How it works: You‘ll see a screen with diamond-shaped objects, or perhaps kites, that you can drag to manipulate the sound. As you play around with them, you can explore other areas in the audiovisual world, which will have other configurations.

First impression: The initial screen is a little bit confusing, but that ends up really encouraging exploration, which is the right way to bring people into these types of experiences.





How it describes itself: Music production made easy. Create beats in your browser.

How it works: Your entire keyboard gets turned into a sampling machine. It allows you to program drums, including some great 808 sounds, keys, vocal samples, and more. If you’re good, you can make fantastic beats like this.

First impression: This is right up my alley, because I love 808 driven beats and it has some samples common in the juke and jersey club genres that I often listen to. I like that you can play stuff live and then drag them around in the grid, in case your timing was off.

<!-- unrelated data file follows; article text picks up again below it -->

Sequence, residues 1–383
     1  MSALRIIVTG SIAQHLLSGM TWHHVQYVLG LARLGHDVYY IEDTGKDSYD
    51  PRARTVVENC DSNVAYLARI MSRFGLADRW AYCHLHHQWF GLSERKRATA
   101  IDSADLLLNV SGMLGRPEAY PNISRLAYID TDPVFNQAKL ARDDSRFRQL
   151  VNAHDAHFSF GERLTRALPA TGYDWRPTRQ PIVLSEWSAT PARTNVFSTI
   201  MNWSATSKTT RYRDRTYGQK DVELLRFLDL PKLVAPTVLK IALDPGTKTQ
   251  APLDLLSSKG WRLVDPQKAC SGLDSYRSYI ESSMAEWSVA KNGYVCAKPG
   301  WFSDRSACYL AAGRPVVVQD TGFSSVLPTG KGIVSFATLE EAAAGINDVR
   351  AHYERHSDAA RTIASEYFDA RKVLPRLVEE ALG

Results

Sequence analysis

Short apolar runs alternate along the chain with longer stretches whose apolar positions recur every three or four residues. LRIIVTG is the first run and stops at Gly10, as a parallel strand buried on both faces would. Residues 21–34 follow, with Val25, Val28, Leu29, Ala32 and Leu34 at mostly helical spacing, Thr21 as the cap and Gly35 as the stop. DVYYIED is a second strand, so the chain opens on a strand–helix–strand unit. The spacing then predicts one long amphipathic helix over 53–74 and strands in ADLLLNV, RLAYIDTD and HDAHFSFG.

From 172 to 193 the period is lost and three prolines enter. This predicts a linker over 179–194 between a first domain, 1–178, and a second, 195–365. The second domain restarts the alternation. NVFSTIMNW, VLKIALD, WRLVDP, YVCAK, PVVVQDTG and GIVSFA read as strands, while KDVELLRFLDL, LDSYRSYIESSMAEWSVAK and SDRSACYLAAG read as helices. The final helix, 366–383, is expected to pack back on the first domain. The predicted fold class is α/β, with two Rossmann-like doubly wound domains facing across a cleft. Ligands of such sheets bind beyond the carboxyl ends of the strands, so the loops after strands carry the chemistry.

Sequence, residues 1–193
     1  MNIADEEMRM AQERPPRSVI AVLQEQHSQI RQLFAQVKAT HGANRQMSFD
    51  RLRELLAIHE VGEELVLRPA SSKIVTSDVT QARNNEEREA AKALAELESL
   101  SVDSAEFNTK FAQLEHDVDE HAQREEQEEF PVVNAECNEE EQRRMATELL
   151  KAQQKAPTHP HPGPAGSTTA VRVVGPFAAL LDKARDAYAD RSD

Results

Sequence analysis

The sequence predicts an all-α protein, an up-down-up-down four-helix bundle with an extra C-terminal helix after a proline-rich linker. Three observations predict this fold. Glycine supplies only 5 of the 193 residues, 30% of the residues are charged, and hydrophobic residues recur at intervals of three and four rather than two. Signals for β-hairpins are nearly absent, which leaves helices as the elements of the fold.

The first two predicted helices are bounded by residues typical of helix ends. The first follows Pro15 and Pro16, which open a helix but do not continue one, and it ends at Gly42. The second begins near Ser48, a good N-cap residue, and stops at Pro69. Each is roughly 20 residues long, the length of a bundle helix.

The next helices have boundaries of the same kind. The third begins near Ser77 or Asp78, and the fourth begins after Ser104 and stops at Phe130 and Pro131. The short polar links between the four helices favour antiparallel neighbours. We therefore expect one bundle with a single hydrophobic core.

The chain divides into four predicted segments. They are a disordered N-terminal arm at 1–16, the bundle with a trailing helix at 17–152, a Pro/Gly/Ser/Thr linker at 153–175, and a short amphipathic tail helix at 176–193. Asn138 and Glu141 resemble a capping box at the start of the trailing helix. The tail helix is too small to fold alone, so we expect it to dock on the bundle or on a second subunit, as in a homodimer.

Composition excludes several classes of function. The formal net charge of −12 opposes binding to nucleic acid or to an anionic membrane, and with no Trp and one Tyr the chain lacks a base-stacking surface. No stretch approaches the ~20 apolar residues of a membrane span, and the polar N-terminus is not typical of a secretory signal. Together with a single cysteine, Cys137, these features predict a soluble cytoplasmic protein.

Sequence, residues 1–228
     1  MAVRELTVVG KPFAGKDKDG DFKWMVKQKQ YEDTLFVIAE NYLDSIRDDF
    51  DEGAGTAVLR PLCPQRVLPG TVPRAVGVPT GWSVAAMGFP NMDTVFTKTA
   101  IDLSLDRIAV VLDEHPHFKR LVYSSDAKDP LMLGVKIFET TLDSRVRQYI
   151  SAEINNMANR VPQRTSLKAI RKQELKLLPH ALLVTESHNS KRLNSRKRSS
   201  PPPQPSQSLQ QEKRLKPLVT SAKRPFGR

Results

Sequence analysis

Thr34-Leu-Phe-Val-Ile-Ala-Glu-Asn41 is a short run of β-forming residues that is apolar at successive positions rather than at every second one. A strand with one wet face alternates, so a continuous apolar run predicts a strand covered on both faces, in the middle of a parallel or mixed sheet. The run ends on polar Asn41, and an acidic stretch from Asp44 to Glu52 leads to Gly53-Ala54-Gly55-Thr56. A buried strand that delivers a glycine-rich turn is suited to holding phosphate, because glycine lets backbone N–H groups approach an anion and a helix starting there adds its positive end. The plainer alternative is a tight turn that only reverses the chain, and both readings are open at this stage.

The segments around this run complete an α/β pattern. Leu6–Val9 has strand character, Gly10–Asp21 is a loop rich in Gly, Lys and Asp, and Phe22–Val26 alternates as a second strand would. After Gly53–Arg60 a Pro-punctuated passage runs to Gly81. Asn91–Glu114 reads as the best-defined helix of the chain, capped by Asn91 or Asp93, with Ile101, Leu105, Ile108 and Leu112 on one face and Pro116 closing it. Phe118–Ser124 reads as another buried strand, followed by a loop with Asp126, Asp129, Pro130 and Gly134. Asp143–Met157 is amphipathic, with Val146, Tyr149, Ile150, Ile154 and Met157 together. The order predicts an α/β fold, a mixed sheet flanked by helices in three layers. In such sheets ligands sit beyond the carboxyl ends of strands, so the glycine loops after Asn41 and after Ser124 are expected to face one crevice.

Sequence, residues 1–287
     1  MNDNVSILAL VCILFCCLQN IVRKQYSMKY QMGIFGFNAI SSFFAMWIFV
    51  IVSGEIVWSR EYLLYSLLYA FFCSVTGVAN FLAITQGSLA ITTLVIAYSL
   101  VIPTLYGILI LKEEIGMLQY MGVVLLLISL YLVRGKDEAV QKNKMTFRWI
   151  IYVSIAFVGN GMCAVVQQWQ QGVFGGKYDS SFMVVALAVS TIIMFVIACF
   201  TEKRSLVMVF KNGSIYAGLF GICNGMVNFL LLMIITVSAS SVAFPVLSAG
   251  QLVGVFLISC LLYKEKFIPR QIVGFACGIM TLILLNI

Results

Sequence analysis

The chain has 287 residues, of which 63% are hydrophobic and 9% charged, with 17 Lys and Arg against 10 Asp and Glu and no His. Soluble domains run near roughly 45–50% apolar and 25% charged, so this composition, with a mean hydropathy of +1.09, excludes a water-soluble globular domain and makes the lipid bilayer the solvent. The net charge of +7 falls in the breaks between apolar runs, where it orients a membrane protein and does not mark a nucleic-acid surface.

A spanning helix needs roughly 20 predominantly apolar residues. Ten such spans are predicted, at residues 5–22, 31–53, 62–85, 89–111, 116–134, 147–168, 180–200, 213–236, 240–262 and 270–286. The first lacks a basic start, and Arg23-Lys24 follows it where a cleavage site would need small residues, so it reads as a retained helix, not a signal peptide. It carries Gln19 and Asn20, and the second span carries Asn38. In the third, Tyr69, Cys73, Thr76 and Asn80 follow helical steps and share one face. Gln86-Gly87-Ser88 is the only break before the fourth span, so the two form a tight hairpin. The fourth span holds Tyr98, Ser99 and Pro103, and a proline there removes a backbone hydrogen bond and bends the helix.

How it describes itself: The digital audio workstation of the web.

How it works: A better description would be: live programming music. If you’re a decent programmer, you can make some cool things with this. If you’re not, then just load up one of the examples and start editing numbers and variables and see what happens.

First impression: Reminds me of ‘algoraves’ where people live program music in front of audiences. I wasn’t able to get the sounds out of it that I wanted to, but the interface (or lack thereof, I guess) makes up for it.


Orbit Sampler


Orbit Sampler

How it describes itself: Another browser-based music production app by DreamPipe.

How it works: Despite the lackluster description, it’s one of the more interesting tools. It lets you arrange your samples in circular sequences, which is sometimes argued to be a more intuitive way to visualize rhythms than the typical bar line.

First impression: Save it for the weekend or a late evening. It’s very powerful, but a bit hard to do something quick, because of the level of detail it offers. You can spend hours and hours on this.


Having fun? Drop some of your most creative work in the responses to this piece. No time to play and want to listen to music made by others? Click here for some great tools to discover something new.